16. I've been playing season mode on Smackdown: Here Comes The Pain as Brock Lesnar, making all decisions as if it was a shoot (meaning wrestling is a work.) "Would you like to work an optional tour of the UK?" "No. No, I would not." "How about a manager? You can have anyone you like?" "That Sable woman looks nice."
  17. Given eggs and baked beans are two of my most despised foods (the other being celery), I don't really care for traditional cooked breakfast rules. I'll go for bacon, mushrooms, hash brown, black pudding and a slice of toast with Marmite, but the most important thing is that you have it in the evening with a pint of Guinness.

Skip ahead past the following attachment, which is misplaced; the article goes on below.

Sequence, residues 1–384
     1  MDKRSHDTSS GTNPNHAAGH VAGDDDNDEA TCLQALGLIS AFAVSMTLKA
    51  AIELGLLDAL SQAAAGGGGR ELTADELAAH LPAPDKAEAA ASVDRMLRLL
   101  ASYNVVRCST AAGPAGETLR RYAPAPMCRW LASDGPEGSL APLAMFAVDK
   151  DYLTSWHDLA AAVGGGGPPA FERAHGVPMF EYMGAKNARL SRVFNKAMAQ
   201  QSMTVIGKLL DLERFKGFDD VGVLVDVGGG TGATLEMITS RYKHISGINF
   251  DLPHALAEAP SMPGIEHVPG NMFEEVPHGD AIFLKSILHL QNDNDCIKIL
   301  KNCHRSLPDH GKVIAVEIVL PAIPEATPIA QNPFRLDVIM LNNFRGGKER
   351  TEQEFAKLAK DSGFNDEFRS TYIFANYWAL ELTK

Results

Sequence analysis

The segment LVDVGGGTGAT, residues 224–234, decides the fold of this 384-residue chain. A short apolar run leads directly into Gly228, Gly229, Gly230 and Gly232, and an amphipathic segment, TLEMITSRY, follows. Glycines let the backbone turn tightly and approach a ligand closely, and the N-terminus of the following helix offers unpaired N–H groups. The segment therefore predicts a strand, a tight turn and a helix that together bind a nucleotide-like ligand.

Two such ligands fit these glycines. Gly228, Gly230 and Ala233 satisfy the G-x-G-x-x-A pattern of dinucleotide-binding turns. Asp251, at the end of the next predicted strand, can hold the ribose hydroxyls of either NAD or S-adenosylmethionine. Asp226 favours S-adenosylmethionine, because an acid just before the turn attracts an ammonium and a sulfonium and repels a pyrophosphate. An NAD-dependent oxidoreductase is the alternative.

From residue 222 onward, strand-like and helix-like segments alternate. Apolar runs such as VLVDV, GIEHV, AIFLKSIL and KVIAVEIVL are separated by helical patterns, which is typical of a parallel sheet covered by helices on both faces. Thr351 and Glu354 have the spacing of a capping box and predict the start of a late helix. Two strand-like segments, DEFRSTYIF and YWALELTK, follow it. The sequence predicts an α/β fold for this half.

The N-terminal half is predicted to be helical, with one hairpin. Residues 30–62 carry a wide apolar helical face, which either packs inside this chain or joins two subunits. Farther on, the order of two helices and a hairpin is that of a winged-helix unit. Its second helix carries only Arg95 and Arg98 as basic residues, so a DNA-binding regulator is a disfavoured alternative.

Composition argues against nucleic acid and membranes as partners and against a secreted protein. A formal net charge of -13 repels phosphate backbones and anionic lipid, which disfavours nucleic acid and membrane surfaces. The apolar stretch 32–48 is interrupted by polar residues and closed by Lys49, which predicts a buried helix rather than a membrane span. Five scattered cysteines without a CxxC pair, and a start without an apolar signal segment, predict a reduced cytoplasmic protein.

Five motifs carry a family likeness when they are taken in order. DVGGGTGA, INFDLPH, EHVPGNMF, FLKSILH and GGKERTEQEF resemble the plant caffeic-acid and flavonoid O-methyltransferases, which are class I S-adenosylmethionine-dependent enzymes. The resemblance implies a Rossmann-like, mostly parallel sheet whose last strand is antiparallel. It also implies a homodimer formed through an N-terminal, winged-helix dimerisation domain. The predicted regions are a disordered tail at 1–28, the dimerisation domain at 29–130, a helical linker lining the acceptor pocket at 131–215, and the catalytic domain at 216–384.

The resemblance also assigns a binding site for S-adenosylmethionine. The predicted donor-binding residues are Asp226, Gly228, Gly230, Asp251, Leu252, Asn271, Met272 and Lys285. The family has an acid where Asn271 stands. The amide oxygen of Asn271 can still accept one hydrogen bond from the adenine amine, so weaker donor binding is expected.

18. BBC Parliament had the 1964 election night show yesterday and I accidentally watched it for about five hours. It's a proper corker with the closest result of the last 150 years, they genuinely don't know the outcome until late on the Friday afternoon, and it ended up with Labour winning a majority but had they won three fewer seats it would have been up to the Liberals who would govern. Indeed, the Conservatives were only 12 seats away from a majority themselves. There was loads going on as well, beyond presenter Richard Dimbleby being caught eating a sandwich (33 years before his son did the same with a Mars bar). Kruschev quit as USSR chief during the broadcast. Early in the night the Conservatives won Smethwick after the most outright racist campaign ever and pretty much everyone of every party was calling it a disgrace all night. And then you had all the moments that would go viral today, starting with the most Welsh result ever (pictured below in 1955 and 1964). . Dimbleby and his co-host kept arguing about which constituencies were on the District Line (a tube strike that week is thought to have cost Labour some marginal seats.) And of course Alan Whicker was reporting live on people swimming in Trafalgar Square's fountains, which used to be an election night thing. You had Labour's George Brown (the man whose previous drunken appearances on TV reportedly first inspired the euphemism "tired and emotional") being interviewed by Robin Day and not having any of it: Harold Wilson bringing the zing: Dimbleby gets trolled by viewers: The most bizarre contest of the night sees future PM Jim Callaghan hold of the challenge of the somewhat unlikely challenger for a Cardiff seat, the then England cricket captain Ted Dexter: Facial hair peaked: At gone 1am they went to a steel workers club for a 10 minute argument between union members supporting Labour and the Tories, then returned to the studio for the 1964 version of gender equality: And then it wound up with Labour stuck one short of a majority for a couple of hours waiting for a recount, to the point that the PM went to Buckingham Palace to resign anyway. Eventually the result came through, the majority was confirmed, power changed hands for the first time in 13 years, and... oh hang on... we have some breaking news: